Transgender medicine

[“academic half day”, “transgender”, “primary care”]

Shayne Taylor, MD



Insurance often won't cover the visit if the primary dx is e.g. “Gender Dysphoria,“ have to bill it as “HTN”, “Endocrine Disorder NOS”, “Therapeutic Monitoring,“ etc.

Insurance problems even problematic for procedures.

Also, transgender people need two letters of mental health support for any procedures below the belly-button (e.g. TVH). Also, wtf.


Knowledge gaps for patients, providers, insurance as above. Even if well-meaning, physicians typically know too little or are uncomfortable.

bad care

½ trans women in the South is HIV+, and of those, outcomes are worse compared with the cis population.



Introducing ourselves with pronouns normalizes the process.

Ask directly, “Hi Emily, nice to meet you, what pronouns do you use?“

Documentation in Epic is getting better, will hopefully be part of the standard intake soon.


Use functional terms that have medical meaning -

“people who menstruate,“ “people with a cervix,“


Regarding the act of sex, think about:

  1. do we need to modify the chances of getting pregnant?
  2. do we need to mitigate the risk of HIV?
  3. do you feel safe?


Bottom line is medical therapy for gender dysphoria is life-saving.

Secondarily, regarding risk reduction, many people will buy hormones online if no provider will rx, so better part of valor is to have open conversation, rx meds with appropriate mitigations as possible, monitor closely.

Transgender men

(assigned female at birth, identifies as male)

Essentially, one drug: testosterone.

Forms: Testosterone cypionate/enanthate

Overall strategy:

Reassess every few years to see if the permanent changes are where they'd like, if they're ok with the temporary changes reverting, would like hysterectomy, etc.

Generally FDA approved for MSK injection, but subQ works and is easier for pts (may have to talk to pharm about getting the right needles).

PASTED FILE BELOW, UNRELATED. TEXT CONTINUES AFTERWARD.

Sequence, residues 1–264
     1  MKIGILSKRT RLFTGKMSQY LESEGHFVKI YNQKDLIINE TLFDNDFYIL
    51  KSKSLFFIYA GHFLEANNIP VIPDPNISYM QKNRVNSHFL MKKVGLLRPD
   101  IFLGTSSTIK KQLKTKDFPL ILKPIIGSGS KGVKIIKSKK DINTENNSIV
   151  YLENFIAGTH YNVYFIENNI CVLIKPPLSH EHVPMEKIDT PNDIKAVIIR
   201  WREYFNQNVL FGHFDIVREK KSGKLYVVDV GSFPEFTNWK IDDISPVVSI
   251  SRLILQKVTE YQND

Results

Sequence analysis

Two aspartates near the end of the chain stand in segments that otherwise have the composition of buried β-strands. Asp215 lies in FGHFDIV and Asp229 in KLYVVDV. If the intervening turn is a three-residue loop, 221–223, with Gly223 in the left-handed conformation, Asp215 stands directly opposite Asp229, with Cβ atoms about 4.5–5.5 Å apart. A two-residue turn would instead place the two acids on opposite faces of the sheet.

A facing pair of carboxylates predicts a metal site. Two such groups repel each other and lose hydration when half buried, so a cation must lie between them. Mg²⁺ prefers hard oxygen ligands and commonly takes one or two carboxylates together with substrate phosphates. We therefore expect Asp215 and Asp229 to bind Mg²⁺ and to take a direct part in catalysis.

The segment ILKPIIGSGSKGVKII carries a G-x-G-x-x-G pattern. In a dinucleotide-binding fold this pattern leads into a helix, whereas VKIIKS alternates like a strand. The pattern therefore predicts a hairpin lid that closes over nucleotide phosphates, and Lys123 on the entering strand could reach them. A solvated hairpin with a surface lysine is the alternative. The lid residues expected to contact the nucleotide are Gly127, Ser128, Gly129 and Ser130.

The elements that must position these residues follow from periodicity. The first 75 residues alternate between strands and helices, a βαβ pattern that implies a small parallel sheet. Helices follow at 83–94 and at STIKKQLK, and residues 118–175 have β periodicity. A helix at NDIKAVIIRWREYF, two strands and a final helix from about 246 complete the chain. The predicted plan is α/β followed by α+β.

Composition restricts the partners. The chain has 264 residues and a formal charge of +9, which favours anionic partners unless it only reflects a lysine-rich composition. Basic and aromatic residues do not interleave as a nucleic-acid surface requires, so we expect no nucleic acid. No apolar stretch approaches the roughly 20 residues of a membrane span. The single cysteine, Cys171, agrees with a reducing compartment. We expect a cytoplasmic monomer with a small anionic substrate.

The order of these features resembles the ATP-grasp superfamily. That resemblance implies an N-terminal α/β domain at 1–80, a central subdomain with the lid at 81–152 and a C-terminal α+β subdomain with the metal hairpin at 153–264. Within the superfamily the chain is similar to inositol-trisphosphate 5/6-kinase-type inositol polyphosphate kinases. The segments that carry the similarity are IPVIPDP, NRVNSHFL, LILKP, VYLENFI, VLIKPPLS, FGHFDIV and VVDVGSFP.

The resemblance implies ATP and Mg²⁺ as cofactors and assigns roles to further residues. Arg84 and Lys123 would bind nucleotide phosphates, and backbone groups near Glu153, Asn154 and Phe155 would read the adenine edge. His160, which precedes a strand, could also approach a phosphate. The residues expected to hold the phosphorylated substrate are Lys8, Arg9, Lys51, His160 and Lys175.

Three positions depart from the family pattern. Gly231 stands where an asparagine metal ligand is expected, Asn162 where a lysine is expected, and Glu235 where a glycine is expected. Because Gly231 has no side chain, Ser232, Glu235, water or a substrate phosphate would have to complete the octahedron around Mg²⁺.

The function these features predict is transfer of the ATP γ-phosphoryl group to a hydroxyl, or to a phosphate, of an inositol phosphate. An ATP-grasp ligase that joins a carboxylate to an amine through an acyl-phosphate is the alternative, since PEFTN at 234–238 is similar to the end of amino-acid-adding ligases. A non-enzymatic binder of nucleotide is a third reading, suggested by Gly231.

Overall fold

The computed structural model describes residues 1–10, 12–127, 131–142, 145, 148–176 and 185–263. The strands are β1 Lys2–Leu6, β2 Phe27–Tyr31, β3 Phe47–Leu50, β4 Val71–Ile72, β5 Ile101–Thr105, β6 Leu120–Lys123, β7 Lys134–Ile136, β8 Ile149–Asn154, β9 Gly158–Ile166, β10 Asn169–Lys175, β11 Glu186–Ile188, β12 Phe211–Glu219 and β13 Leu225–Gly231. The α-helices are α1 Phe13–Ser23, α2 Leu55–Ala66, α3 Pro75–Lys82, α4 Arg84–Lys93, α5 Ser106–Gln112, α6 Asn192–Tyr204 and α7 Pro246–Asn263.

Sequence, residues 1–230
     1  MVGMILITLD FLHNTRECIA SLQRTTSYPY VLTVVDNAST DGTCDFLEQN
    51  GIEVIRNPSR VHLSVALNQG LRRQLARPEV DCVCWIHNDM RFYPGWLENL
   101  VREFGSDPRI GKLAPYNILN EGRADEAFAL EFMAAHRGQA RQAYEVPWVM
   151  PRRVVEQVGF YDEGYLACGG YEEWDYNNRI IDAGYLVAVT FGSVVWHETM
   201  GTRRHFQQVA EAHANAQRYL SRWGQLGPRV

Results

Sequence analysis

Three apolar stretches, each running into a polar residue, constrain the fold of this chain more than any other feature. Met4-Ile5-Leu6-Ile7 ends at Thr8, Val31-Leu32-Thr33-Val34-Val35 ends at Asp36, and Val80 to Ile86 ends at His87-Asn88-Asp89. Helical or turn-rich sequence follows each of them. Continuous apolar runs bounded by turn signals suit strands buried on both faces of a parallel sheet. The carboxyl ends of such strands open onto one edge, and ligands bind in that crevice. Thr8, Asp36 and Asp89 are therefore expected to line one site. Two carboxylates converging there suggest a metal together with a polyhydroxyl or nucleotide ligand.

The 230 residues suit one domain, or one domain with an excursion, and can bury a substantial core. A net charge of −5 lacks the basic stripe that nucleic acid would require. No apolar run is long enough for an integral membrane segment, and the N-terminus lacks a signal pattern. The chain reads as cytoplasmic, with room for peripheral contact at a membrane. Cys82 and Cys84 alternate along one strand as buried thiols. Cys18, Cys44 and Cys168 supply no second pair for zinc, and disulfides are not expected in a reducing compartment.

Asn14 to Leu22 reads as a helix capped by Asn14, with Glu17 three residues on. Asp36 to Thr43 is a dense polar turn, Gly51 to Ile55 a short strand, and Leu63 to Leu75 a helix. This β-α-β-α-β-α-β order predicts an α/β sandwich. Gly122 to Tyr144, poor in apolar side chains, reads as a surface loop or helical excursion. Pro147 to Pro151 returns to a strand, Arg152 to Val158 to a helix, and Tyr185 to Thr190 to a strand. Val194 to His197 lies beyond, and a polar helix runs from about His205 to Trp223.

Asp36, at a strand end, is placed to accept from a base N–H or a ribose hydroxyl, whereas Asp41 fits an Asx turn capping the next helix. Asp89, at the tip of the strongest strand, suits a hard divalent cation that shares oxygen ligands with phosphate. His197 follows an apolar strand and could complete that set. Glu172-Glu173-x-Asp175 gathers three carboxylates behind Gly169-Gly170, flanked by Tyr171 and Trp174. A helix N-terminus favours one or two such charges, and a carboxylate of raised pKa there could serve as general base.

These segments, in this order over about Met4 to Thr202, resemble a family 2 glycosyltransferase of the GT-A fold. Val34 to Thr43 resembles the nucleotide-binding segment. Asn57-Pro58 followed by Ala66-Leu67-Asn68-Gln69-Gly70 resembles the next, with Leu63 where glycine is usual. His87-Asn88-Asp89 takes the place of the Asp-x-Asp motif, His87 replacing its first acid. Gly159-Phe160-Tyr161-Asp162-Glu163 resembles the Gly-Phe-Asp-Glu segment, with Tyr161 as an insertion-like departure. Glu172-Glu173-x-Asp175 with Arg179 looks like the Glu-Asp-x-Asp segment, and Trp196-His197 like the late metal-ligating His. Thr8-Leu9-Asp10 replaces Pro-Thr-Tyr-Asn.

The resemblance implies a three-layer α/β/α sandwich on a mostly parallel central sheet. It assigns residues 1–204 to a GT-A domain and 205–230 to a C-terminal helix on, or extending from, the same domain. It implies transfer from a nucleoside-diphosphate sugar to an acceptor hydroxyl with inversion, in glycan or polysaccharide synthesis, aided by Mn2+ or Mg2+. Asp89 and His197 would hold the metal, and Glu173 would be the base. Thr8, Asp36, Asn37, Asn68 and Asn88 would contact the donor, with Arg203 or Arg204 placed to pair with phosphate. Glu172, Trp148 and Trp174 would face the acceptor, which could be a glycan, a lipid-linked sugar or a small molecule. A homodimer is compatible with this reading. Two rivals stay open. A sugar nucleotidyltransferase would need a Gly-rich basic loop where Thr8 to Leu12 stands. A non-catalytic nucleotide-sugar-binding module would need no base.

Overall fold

Main issue with gel is the expense, coupons exist (good for needlephobes). Secondary concern is transfer to close contacts.

Birth control: prefer progesterone-only, IUD, Nexplanon

(for unknown reasons, IUDs in people who are on T therapy are associated with pelvic pain, pain w orgasm, so Nexplanon is a great option)

Transgender women

(assigned male at birth, identifies as female)

Two goals: block T, add E2

Block T: - spironolactone @ 100mg daily typically, can go to BID (keep an eye on K, etc.) - bicalutamide @ 50mg - designed for metastatic prostate cancer, monitor CMP - goal T < 50 (may have higher goal if still wants to have sex)

Add E2: - estradiol, prefer patches d/t lowest risk of CVA - patch: vivelle dot (0.05 2x/wk, 0.1 2x/wk, 2x0.1 2x/wk, can go higher but becomes logistically difficult) - pills: 2mg, 4mg, 6mg, 8mg max. Can take SL, but will have to take more often. Careful with lab checking, variability is high. - injections: estradiol valerate/cypionate, q7d 0.2-0.3mL (3-6mg) - level: society guidelines 100-200, practical 200-300 may be more effective, but overall go by symptoms

?progesterone - expert opinion varies - online opinion is pro - may help w breast development - 200mg (PO vs PR) qHS (causes some somnolence) - try for 6mo, reassess (cont if good, d/c if equivocal)

Cancer screening: pap smears (atrophic, let the pathologist know this is a transgender pt), get HPV co-test, mammograms as indicated

Also consider sperm banking (expensive, not always desired, but worth discussing).


Transgender men

Breast removal, very helpful. Usually requires 1 letter from mental health specialist. Cash price is $8500 at VUMC if insurance won't cover.

TVH: prefer keeping ovaries for long-term bone protection, etc.

Metoidioplasty - release the clitoris enlarged by T therapy, can reroute urethra (frequent complications, but can urinate standing up), not large enough for penetrative sex.

Phalloplasty - TVH first, graft from forearm skin, urethral lengthening (also frequent complications, e.g. require I/O cath, SPC), penile implants possible for penetrative sex.

Transgender women

Breast augmentation - well-tolerated, few downsides

Orchiectomy - well tolerated, will also need lifelong HRT

Vaginoplasty - shallow depth, cosmetic but no penetrative depth, few downsides - full depth, needs full electrolysis of scrotum to create vaginal shaft, then needs dilation forever (prevent spontaneous closure, immediately post-op 3-4x/day for 30-45 minutes)

Inpatient care

Unless clear indication to stop, which would be rare (?estrogen iso CVA, but even then probably ok to continue), continue their hormones inpatient.